“Our survey confirms what many already know from experience – the tech startup world remains male-dominated,” opens a Startup Genome article sharing that only 15% of tech startup founders are women.
The results of the survey across 67 global ecosystems looked at how many of the 5,469 respondents reported having at least one female founder. They then found the total number of female founders in an ecosystem by dividing the total number of female founders by the number of founders surveyed – which came out at just 15%.
The good news is that Calgary startups score above average, with 20-30% of tech startup founders identifying as women.
In Platform Calgary programs, we see even higher numbers:
- Since launching in January 2022, Alberta Catalyzer (a collaborative pre-accelerator program between Platform Calgary and Edmonton Unlimited), 38% of applicant companies have had at least one founder that identifies as female.
- In 2023 for far, 33% of participants in Platform’s earlier stage programming (Startup Essentials and Discover), identify as female.
- Finally, 50% of the founders actively engaged in the first cohort of the Platform Incubator identify as female.
In an effort to see the number of women tech founders increase, we’re highlighting a few who are making their mark on Calgary’s tech community – celebrating them for all they’ve accomplished, and creating more visibility for women in tech.
Meet three women entrepreneurs who are making strides (in order, left to right in image):
- Sally Leonard is the Founder of The Virtual Market
- Mary Morrison is the Co-Founder and SVP Partnerships at Wilma
- Rana Hyatt is the Founder of Solis
Tell us about your startup.
Sally: “The Virtual Market is an online platform that helps local makers and artists promote their businesses. We get them paid faster and harness their community to help them grow in a competitive online environment. We've been in business for 2.5 years now and have evolved a lot during that time. But the one thing that has stayed true is our dedication to providing a space for local artists and makers to thrive.”
Mary: “Wilma is North America’s first women driving women membership ride service platform. Wilma offers an alternative for women and gender diverse individuals who want to travel or drive safely in the gig economy. The name Wilma is rooted in safety, meaning resolute protector.”
Rana: “Solis is a biosafety cosmetic company creating the next generation of intelligent sanitation. At Solis we envision a world where cosmetic consumption is not only safe and efficient, but also ecologically responsible and personalized.”
What’s the best part about being a woman founder?
Sally: “I'm trying to step into the role of a female founder which is new and unexpected. But I'm trying really hard to embrace that title and hold it proudly. The communities surrounding me have been incredible. There's an abundance of people that want to see myself and my 93% female vendor base succeed. And that's pretty special. Outside of "business" the community is the best for sure!”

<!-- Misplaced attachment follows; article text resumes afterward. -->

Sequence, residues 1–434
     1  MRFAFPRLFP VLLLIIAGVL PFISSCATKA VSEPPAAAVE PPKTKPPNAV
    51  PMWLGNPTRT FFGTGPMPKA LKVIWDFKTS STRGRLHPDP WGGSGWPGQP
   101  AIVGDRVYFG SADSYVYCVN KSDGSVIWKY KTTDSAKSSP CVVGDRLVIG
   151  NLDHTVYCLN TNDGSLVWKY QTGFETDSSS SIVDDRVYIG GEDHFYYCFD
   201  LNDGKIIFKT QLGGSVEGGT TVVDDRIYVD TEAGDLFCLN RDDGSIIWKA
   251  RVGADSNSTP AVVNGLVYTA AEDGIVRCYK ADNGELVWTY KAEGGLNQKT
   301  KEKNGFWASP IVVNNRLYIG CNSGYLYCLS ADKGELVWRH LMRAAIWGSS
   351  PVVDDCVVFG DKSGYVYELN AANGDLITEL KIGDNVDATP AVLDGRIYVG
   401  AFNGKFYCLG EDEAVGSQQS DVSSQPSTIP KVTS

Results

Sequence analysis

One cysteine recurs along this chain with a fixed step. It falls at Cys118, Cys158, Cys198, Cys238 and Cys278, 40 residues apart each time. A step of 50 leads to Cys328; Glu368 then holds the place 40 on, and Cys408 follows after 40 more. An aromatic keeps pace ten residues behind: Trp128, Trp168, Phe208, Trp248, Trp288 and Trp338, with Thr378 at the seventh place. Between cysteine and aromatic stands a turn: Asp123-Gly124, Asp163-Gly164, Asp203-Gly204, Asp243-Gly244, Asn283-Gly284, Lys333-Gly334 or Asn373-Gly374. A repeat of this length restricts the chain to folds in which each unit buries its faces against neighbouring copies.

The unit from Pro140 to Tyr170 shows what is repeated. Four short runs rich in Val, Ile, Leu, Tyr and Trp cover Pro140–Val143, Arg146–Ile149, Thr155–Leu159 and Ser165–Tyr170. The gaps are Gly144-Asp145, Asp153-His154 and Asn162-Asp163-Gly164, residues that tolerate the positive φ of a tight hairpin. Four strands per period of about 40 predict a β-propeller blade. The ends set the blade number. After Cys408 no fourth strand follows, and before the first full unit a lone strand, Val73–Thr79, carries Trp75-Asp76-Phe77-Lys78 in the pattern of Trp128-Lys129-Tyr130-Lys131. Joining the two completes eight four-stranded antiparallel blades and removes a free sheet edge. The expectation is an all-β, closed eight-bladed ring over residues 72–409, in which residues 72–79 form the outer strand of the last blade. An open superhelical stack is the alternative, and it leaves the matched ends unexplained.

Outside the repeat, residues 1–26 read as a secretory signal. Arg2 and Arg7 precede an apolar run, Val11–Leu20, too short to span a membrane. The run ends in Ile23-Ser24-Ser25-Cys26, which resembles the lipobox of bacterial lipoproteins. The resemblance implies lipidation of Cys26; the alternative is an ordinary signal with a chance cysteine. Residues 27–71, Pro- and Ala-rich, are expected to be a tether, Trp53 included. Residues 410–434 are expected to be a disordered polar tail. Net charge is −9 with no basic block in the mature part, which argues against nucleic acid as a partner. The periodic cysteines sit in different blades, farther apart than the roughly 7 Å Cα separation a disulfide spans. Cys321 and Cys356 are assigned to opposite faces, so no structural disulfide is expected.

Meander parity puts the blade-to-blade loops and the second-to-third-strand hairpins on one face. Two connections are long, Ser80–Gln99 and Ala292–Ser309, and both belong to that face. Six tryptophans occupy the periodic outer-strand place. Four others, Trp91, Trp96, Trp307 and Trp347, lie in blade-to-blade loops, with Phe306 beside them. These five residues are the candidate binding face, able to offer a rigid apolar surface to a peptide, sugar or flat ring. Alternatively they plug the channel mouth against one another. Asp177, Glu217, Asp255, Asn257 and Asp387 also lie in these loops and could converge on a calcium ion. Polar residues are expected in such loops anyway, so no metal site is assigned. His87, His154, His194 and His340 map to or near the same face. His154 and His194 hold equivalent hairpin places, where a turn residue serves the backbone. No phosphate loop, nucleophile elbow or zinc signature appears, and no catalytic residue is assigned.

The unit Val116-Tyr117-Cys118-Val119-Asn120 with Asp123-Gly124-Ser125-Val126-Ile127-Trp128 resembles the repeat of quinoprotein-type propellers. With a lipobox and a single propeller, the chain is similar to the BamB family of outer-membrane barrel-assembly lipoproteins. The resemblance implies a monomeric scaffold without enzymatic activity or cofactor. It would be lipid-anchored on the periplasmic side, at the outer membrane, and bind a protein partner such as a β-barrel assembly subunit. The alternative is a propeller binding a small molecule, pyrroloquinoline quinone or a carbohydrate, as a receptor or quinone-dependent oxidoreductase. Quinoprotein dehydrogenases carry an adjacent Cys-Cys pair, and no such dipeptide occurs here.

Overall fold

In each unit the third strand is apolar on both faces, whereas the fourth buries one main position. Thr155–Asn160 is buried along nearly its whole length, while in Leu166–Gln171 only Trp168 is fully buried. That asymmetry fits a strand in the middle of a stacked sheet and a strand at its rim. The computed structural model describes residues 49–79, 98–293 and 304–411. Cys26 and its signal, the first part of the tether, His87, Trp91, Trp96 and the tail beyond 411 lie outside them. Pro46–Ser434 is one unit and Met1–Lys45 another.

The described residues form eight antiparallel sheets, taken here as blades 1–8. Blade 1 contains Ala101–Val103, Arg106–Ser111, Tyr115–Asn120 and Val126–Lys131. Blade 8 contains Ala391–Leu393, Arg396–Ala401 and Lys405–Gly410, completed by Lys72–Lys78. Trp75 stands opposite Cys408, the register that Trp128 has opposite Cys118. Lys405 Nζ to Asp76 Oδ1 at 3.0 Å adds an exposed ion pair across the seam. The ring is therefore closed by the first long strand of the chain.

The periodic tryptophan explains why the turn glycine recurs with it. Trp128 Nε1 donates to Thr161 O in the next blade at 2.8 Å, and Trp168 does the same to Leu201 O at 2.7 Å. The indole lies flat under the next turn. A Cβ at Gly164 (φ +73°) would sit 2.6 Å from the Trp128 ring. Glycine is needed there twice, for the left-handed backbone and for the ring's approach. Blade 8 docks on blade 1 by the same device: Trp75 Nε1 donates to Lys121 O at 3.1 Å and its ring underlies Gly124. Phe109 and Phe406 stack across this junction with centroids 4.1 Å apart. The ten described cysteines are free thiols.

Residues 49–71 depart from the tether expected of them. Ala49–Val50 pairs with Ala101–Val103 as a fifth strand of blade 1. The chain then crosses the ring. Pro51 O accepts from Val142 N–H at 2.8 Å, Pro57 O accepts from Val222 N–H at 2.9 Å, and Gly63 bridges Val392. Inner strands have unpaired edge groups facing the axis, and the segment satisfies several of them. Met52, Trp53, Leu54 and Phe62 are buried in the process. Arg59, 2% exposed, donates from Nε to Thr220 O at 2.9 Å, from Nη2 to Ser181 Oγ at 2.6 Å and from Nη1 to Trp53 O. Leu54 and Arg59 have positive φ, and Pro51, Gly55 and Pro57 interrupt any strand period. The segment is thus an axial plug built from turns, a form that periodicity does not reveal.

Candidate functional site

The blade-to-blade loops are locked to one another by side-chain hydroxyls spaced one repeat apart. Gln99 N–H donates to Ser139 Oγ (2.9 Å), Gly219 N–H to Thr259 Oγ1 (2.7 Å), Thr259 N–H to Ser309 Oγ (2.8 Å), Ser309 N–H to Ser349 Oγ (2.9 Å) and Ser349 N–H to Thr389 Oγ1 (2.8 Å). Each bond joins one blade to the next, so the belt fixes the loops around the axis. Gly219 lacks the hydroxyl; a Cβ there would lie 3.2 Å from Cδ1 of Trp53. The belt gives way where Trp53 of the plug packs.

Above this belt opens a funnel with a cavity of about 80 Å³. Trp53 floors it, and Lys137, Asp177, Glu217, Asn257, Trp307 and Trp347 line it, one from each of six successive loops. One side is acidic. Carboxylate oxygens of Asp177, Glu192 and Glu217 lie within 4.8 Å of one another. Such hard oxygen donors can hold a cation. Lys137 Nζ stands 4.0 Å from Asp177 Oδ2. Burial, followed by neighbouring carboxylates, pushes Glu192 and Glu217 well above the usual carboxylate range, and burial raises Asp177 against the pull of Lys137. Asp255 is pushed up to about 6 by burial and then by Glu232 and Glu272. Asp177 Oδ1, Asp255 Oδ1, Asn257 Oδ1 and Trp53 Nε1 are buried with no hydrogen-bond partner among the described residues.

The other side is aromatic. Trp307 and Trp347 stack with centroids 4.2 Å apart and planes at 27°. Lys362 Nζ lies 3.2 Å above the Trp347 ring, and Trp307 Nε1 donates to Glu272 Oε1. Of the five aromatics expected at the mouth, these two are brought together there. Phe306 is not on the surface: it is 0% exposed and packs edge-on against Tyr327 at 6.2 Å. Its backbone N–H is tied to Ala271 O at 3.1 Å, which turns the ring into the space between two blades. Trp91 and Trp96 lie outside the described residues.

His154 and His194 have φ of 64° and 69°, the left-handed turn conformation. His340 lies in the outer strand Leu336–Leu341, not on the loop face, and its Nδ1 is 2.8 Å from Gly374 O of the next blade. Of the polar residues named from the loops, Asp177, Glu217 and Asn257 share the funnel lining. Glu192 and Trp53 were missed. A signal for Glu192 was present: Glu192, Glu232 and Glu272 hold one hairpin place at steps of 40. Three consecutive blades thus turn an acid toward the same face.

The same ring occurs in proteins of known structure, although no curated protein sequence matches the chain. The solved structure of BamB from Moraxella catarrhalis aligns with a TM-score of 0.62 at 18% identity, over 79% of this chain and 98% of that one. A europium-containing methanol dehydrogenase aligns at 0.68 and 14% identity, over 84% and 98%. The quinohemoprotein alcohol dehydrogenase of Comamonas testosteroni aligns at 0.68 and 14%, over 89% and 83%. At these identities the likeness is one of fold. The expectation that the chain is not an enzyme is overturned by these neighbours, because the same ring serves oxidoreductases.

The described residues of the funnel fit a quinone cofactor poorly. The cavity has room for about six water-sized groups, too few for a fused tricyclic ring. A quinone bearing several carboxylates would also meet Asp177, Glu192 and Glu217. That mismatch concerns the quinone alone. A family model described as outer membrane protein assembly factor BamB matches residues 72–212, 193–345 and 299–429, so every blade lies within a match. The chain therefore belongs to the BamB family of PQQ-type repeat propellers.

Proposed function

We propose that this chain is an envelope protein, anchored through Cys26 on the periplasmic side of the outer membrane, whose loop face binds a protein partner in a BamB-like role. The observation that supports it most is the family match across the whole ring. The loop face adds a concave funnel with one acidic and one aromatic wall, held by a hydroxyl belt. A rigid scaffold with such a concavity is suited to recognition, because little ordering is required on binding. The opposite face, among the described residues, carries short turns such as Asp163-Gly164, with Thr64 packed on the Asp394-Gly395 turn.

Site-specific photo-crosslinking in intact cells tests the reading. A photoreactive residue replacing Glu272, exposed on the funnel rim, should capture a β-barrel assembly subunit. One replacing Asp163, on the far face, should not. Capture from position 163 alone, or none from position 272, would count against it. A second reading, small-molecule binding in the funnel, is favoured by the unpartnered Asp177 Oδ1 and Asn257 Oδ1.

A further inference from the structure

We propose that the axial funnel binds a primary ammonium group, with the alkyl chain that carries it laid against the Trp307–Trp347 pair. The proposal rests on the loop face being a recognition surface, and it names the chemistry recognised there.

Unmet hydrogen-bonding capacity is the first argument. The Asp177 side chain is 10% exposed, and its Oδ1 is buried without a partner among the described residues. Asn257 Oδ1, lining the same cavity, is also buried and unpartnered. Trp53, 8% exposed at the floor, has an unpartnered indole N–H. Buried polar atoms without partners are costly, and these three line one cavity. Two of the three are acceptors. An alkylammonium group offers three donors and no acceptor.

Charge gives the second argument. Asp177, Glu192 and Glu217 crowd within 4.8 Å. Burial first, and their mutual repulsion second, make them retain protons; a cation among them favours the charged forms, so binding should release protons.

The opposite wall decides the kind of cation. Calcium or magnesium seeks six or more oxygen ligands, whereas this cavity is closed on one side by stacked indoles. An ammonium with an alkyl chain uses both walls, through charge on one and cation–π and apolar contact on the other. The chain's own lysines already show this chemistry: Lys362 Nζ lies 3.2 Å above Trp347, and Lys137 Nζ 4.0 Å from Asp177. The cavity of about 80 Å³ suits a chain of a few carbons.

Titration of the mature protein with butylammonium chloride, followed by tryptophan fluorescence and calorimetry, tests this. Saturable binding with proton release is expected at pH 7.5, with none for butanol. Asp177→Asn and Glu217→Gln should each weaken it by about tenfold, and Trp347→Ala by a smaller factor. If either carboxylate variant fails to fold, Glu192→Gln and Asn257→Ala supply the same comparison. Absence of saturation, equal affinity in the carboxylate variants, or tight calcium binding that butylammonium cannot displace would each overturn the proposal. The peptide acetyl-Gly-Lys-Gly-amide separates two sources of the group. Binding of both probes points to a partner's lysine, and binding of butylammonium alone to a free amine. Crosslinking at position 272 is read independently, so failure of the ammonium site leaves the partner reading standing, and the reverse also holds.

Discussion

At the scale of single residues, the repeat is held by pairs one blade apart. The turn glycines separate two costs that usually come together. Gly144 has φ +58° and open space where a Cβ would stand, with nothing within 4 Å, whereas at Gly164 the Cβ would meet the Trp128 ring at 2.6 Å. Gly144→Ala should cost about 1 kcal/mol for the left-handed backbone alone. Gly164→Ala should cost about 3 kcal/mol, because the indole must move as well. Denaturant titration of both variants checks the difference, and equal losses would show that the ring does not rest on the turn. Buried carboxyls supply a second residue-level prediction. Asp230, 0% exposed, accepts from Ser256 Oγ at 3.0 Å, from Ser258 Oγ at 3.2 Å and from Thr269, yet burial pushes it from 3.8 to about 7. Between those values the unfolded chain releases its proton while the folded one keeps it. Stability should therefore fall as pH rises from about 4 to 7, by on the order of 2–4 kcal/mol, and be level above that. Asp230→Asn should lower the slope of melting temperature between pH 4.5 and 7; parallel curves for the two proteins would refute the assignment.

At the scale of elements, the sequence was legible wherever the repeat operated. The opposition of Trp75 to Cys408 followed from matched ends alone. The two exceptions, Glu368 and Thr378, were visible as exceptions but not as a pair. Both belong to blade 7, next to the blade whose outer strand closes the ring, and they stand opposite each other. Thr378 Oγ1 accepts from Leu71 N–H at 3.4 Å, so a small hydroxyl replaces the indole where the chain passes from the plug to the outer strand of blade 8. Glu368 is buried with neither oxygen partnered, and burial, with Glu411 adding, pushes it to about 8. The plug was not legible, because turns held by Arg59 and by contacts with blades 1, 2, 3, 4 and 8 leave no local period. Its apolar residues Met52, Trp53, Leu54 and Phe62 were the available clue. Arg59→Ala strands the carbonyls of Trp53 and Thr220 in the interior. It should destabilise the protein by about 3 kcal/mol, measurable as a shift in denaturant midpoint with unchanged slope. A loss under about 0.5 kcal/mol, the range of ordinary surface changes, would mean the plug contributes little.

Mary: “As a co-founder, I am telling the Wilma story often. It’s a hard reality to know the abuse of women and gender diverse people happens daily in the ride hail industry and is one of the most underreported criminal activities. Knowledge is power and that power is our fuel, which is by empowering women to travel unbothered in their cities. My inspiration and privilege is hearing on a daily basis the difference Wilma will make in the communities we will be serving.”
Rana: “The opportunity to serve as a role model and mentor for other aspiring women entrepreneurs. Being a startup founder in the beauty health tech space and meeting fellow female founders in various tech sectors has certainly been one of the highlights in my startup journey. Having grown up with parents who owned and operated hair salons throughout Calgary has ingrained the value of customer care and sharing in their life journey, because a life worth living is one filled with good people helping good people.”
What’s the most challenging part of being a woman founder?
Sally: “For me, it's been overcoming the learned behaviors and prejudice that we, as women grow up with. Being passive comes very naturally. It means I can be more ‘likeable’ but doesn't do me any favours in running a business. I'm constantly battling myself with simple things like charging for services, giving constructive feedback and setting boundaries with my time. I'm very fortunate to have a supportive husband, but it's also been difficult to build a business while balancing a family during a pandemic. All the women reading this know exactly what I'm saying. The expectations for women, caregivers in particular, during the last couple of years have been insane; the pressure to fulfill those support roles has been outrageous. Unreasonable. So to step outside of that; to create a boundary, and then to defend that boundary to others and myself has been the most challenging part for me for sure.”